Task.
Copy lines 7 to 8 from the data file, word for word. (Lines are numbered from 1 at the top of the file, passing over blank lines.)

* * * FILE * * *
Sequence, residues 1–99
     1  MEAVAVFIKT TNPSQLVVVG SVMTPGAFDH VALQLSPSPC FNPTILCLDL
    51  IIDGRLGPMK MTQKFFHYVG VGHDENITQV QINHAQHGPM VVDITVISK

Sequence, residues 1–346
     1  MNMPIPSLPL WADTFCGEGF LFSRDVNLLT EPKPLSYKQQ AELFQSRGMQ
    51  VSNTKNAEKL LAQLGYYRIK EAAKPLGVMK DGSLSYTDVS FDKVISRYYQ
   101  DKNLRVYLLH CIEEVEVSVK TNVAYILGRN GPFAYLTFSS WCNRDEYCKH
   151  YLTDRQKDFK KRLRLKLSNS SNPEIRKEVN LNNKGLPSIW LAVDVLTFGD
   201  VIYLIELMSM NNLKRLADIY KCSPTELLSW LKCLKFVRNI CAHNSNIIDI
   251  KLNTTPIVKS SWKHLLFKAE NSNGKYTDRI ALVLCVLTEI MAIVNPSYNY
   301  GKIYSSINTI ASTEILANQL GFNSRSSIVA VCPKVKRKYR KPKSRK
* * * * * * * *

   101  DKNLRVYLLH CIEEVEVSVK TNVAYILGRN GPFAYLTFSS WCNRDEYCKH
   151  YLTDRQKDFK KRLRLKLSNS SNPEIRKEVN LNNKGLPSIW LAVDVLTFGD